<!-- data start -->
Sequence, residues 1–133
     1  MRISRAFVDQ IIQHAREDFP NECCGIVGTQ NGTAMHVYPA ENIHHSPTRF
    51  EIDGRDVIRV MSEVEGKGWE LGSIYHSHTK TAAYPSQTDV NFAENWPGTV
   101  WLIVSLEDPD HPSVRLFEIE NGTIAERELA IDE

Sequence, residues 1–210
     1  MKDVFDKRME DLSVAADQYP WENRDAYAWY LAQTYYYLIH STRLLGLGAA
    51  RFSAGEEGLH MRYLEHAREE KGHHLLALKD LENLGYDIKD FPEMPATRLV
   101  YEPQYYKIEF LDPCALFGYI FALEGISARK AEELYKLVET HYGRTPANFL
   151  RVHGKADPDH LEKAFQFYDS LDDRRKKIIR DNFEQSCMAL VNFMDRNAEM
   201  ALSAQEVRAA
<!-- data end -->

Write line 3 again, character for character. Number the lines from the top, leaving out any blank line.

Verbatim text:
    51  EIDGRDVIRV MSEVEGKGWE LGSIYHSHTK TAAYPSQTDV NFAENWPGTV